A report from the Rasmea Defense Committee:
Video by Tom Callahan:
On Tuesday, April 25, Palestinian American icon Rasmea Odeh was joined in Detroit by close to 150 supporters from across the Midwest, at a federal court plea hearing based on an agreement reached last month. Sentencing will be formally imposed on August 17 in Detroit, but its terms were discussed and approved by Judge Gershwin Drain at this hearing. Rasmea will be stripped of her citizenship, and have to leave the United States permanently. She will not be sentenced to any further prison time (Drain jailed Rasmea for five weeks in November and December of 2014 after her conviction at trial), and she will “voluntarily” depart the country without being detained by immigration authorities.
The courtroom was packed, leaving many supporters to watch the fairly straightforward proceedings from an overflow room. The government summarized the terms of the plea agreement, and Rasmea’s lead attorney, Michael Deutsch, added a few points. While the government was not asking for more prison time or a fine if the plea was approved, Drain informed Rasmea that he would determine the sentence, which normally would carry a maximum of 10 years imprisonment plus a $200,000 penalty. But, later in the hearing, he clarified that he intended to honor the terms of the agreement.
After a few other clarifications, Drain asked Rasmea if she agreed to the “factual basis” of the plea agreement. After a long pause, and some quiet exchanges with Deutsch, Rasmea said, “I signed.” This was not enough for Drain, who asked several times for Rasmea to say she was guilty. Each time, she answered, “Yes, I signed it.” Once more, he insisted that she must admit guilt. Rasmea paused again, then answered, “I signed this; it says I’m guilty.” It was clear that this was as far as Rasmea was willing to go, so Drain relented, and approved the plea agreement.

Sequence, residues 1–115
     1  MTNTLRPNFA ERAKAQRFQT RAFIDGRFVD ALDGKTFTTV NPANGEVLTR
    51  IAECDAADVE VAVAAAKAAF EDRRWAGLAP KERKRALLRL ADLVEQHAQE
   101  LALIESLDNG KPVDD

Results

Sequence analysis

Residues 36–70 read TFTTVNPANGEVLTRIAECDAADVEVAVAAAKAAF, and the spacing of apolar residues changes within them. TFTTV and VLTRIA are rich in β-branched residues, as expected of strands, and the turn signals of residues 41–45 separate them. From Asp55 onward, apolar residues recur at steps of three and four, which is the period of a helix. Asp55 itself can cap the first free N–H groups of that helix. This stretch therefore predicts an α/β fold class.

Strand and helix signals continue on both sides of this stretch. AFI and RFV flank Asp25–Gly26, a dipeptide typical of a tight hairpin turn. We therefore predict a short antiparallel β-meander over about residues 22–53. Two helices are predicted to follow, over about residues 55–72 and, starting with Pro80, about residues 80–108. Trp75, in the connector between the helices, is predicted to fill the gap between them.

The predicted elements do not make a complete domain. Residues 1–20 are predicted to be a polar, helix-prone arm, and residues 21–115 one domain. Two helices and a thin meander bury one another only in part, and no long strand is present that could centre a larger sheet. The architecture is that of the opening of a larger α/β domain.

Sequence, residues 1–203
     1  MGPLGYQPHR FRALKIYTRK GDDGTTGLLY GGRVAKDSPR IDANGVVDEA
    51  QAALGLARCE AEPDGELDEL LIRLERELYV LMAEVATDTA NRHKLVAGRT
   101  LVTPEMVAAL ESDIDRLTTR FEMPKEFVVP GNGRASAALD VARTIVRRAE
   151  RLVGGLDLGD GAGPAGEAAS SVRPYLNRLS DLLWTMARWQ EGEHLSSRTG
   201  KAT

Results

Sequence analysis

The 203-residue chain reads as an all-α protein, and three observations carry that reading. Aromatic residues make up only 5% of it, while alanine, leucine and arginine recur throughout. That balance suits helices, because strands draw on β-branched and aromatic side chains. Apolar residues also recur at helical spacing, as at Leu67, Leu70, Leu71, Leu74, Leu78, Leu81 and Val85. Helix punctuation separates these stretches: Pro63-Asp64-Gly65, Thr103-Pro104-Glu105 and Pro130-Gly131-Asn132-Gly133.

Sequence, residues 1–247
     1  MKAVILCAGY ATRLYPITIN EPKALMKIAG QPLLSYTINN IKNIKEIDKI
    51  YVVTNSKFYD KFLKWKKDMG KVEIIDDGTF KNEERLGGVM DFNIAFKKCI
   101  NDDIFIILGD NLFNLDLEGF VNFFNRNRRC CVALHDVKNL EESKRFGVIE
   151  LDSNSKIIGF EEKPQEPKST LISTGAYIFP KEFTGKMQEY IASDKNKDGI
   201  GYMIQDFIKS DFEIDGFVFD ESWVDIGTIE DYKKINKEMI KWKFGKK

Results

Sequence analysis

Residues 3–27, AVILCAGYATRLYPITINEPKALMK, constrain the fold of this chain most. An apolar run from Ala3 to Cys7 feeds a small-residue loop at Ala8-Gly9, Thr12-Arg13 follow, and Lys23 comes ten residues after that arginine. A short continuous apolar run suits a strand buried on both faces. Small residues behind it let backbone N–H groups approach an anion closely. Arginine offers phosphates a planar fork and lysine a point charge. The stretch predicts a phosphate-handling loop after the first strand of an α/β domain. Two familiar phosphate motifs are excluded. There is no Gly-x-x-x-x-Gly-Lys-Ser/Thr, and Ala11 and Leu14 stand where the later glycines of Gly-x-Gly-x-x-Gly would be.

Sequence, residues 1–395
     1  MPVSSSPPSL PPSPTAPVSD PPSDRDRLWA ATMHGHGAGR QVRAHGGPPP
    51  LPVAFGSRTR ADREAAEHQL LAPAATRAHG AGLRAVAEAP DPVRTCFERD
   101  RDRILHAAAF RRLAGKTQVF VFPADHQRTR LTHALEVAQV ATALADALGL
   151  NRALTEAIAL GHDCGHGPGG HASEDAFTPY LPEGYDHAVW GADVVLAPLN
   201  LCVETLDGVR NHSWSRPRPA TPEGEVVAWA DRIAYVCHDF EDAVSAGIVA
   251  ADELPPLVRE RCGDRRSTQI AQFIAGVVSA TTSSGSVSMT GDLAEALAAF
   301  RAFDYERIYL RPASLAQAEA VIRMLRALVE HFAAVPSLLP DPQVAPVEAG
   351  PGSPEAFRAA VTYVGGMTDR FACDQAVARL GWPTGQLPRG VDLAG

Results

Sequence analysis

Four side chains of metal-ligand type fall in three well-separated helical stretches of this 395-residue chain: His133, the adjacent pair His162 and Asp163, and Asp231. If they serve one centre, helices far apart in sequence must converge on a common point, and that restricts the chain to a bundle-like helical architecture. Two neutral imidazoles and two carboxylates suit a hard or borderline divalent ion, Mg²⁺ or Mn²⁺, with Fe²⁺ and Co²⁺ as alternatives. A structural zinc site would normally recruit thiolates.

It is important to note that this agreement did not include the last minute submissions by zionist Assistant U.S. Attorney Jonathan Tukel, who attempted to put on the record that Rasmea had committed “terrorist” acts and was a member of a “designated terrorist organization.” One final time, Tukel was denied the opportunity to use the case against Rasmea as a platform to grandstand for Israel.
Surprisingly, former U.S. Attorney Barbara McQuade—who brought the original indictment against Rasmea but resigned after being asked to by Trump’s new Attorney General Jeff Sessions—was sitting in the first row of the courtroom.
“For years, she had claimed that this was not a political case, and that Rasmea was not being targeted for being Palestinian,” said Nesreen Hasan of the Rasmea Defense Committee, “but McQuade was so invested in this plea that she showed up when it’s not even her job anymore!” Rasmea’s supporters were so incensed that they chanted “Shame on you” and “You’re a phony” to McQuade while filing out of the courtroom.